On this occasion Justice Minister Jallow didn’t have a response: “I do not carry all the TRRC Recommendations in my head. So, I would have preferred if you have asked a direct question on that issue. I would have been able to answer it. I would not be able to answer you [off the] top of my head regarding a specific recommendation that you’re asking,” he said.
Minister Jallow was allowed to continue his deliberations before the supplementary questions from Hon Sanyang. During his lengthy response, the Minister deliberated on the progress of legislative reforms and other reform measures which he says have progressed the implementation of the TRRC Recommendations.
Minister Jallow recalled that some Bills “have already been tabled with this August assembly” including “the Prevention of Torture Bill, the Anti-Corruption Bill, the Election Bill, the Criminal Offense Bill and Criminal Procedure Bill” which are yet to be passed by the Sixth Legislature.
It can be recalled that Minister Jallow failed to appear for a scheduled sitting in Parliament and was admonished by the National Assembly who removed his Bills from Parliament’s Agenda. However, the Speaker of the Sixth Legislature, Hon Fabakary Tombong Jatta ruled that Bills of the Fifth Legislature may be reintroduced in Parliament and continue from their previous stage.
Justice Minister Jallow added that some Bills are currently being drafted, while some Bills have been completed by President Barrow’s Cabinet. Minister Jallow noted that the Bills which could be introduced in Parliament soon include “the Evidence Bill, the Victims Bill, the Vetting Bill, the National Security Bill” amongst others.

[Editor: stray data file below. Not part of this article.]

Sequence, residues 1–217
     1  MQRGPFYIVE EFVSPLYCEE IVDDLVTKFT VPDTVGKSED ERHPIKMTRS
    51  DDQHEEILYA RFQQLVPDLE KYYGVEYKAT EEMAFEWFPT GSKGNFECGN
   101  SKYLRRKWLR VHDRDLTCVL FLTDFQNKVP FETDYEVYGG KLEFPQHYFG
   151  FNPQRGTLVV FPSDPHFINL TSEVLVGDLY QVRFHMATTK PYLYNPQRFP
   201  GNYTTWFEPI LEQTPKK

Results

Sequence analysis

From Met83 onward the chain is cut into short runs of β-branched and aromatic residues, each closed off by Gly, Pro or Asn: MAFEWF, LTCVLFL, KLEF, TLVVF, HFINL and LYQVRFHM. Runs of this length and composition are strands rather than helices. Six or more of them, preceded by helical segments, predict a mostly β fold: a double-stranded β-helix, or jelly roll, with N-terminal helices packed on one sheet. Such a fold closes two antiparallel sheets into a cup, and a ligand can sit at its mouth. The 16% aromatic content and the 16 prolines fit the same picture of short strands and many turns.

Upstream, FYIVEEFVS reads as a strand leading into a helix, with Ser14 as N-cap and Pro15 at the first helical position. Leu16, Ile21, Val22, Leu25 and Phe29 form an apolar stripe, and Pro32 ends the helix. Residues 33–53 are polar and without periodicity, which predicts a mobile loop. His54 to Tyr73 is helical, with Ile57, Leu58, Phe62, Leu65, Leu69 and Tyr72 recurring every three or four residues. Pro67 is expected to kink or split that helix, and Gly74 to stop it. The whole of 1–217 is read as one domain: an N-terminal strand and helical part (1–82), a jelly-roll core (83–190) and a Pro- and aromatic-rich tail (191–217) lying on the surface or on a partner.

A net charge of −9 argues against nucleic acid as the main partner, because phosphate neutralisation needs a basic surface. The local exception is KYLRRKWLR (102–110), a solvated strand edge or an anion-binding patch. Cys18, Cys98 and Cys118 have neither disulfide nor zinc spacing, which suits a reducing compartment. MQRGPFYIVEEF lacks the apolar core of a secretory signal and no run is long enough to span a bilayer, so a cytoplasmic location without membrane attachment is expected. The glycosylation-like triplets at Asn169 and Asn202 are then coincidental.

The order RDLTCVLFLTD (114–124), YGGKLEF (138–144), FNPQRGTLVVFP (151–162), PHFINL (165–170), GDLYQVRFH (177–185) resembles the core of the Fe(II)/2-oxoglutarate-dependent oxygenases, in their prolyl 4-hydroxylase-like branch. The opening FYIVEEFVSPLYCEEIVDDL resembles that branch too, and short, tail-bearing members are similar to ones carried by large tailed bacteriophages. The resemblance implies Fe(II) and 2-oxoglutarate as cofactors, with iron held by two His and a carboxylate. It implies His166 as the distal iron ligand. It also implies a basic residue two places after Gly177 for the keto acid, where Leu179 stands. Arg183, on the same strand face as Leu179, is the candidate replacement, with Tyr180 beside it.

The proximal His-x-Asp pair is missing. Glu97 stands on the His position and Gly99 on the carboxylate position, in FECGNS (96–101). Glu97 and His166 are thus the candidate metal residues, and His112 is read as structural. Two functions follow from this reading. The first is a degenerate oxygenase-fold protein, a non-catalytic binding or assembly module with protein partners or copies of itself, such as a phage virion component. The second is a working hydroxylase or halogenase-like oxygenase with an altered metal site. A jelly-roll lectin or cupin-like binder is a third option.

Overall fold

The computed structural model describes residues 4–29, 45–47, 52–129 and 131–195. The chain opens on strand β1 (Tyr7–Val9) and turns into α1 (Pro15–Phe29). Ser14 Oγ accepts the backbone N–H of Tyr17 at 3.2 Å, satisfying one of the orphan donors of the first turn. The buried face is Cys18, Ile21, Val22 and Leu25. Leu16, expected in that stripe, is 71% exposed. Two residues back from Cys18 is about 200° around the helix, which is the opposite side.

Minister Jallow continued his deliberation by listing out more measures that progress the implementation of the TRRC Recommendations. This includes the “initiation of proceedings with the ECOWAS to set up an International Court for the prosecution of crimes emanating from the TRRC Report have also started”.
“Training of Security Services and Stakeholders on Forensics in view of the search and exhumation of disappeared persons is going on,” said Justice Minister Jallow. In addition to this “National Consultation with victim-led organisations on the development of a framework for the making of Reparations and drafting of Victim’s Reparations Bill is advanced”.
Most importantly “the Development of a prosecution strategy to guide prosecution of TRRC Crimes is completed,” highlighted Minister Jallow.
He concluded by explaining: “almost all activities have cost implications but some [are] more costly than others”. Justice Minister Jallow added that his Ministry has “carried out a low-hanging fruit assessment that has identified 30 less costly activities for implementation pending the finalisation of adequate resources for full implementation”.
This publication is supported by the International Center for Transitional Justice (ICTJ)